A feature is a double-edged sword. Yes, it gets you in front of the camera for your own close-up if you're lucky, but it can also lock you out of the rest of the series if production think your character would be too recognisable in other scenes.
Back to Call the Midwife... When the scene is in front of Nonatus House [where the nuns & midwives live] or in the Community Centre etc they are "in Poplar", the area of London the show is centred around.
When they are "in Poplar", all the passers-by [SAs] are 'locals' - the characters they portray all live in the area. They can therefore be the same people each time, racking up 20 or 30 days' work across the series.
If you watch carefully you will see the same people, in different outfits, walking in different couples with different kids, in pretty much every crowd scene across the whole 9 episodes. (Hence the dilemma if you get a feature - you want to swap 30 days' work for one day plus 20 quid? ;-) They do swap and change the SAs, but from a core of about 50 regulars.
When they are "not in Poplar" those same regulars cannot be seen, so a fresh batch of SAs are brought in for that.
To use another example, to show how far you can go and still be categorised as an 'extra' rather than a principal...
EastEnders. The market traders are all 'extras'. They each have their own market stall and are in pretty much every single episode - but instead of being paid by the day with extra money for being featured, they are instead contracted. They are guaranteed a given income in exchange for a set number of days' work per year. They may be called on to say lines or interact with principals at any time, without receiving specific compensation for that.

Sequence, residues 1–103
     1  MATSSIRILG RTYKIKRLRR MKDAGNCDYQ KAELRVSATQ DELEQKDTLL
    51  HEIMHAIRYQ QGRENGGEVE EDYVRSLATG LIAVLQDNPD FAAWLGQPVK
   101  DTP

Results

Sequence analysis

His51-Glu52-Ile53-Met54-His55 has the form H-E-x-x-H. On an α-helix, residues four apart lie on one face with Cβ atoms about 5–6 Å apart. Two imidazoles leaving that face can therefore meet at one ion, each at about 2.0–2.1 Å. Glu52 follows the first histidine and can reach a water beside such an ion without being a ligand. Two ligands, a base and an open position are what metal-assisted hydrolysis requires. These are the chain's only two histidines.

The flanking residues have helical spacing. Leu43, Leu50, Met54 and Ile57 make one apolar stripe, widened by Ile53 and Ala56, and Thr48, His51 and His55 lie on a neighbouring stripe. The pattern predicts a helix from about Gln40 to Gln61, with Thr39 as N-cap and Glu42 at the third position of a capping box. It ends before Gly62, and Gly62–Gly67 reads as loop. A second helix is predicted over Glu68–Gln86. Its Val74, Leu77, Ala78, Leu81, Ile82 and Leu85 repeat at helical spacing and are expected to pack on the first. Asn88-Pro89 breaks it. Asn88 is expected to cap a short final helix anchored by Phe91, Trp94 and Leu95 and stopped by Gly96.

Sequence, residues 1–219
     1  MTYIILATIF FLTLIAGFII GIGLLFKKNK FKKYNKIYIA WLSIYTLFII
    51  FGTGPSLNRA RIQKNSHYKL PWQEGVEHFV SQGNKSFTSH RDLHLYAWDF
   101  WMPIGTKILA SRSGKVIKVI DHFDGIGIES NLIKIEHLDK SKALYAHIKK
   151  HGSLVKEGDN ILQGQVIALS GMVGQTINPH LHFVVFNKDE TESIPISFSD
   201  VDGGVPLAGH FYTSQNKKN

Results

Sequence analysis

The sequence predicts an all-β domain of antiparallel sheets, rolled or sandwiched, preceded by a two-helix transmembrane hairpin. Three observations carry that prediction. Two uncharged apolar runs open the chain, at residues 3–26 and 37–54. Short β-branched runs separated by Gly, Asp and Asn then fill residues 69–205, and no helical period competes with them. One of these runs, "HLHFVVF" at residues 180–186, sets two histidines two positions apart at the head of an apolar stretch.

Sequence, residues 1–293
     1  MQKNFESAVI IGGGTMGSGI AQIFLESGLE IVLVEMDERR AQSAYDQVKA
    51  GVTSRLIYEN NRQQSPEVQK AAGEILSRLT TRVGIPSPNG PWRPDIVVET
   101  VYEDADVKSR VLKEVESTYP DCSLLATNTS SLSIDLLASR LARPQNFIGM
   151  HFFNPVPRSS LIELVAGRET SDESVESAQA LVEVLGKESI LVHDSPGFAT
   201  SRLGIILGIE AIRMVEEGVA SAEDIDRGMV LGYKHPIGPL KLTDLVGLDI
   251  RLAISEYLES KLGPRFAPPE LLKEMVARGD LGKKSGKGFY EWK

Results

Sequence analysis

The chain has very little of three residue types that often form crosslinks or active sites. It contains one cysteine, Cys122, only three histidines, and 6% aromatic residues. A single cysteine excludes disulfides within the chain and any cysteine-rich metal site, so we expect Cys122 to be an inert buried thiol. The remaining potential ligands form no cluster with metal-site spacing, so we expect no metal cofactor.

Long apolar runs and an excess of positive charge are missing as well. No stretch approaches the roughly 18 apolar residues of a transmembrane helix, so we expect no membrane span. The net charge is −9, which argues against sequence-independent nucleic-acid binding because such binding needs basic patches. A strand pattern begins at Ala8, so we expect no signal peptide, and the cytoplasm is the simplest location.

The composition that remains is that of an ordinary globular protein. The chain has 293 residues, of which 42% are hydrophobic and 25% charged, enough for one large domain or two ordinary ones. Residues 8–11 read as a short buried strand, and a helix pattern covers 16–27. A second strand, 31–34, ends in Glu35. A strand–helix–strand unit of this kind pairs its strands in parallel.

It's difficult to tell from an audience perspective. The main clue would be if they are credited - and for this let's choose to ignore edge cases like Stan Lee in the Marvel universe, also that a cameo is in itself an edge case. A famous actor doing a single line is still a famous actor and will have been given all considerations and courtesies appropriate to their status rather than role.
As mentioned elsewhere - a principal went through the audition process [though not always] whereas an SA was picked from a sheet of photos [again not always].
A principal was booked by an acting agent, an SA by an SA agency.
These are all things the audience cannot see in their attempts to differentiate.
One additional thing to note.
You cannot rely on IMDB to differentiate a principal from an extra. Many seasoned extras credit their own performances in shows, giving themselves 'popularity' and pushing themselves further up the rankings.
Their self-accreditation does not make them a principal. Only the show's official credits as rolled at the end of that show can be considered any authority on the matter.
*Yes, I'm fully aware that's like calling a spade a manual earth-moving implement, but that's their official title. The word 'extra' is frowned on in the industry [officially.]
** and Jeremy Piven [Harry Selfridge], but that's because he brought his own, from the US ;)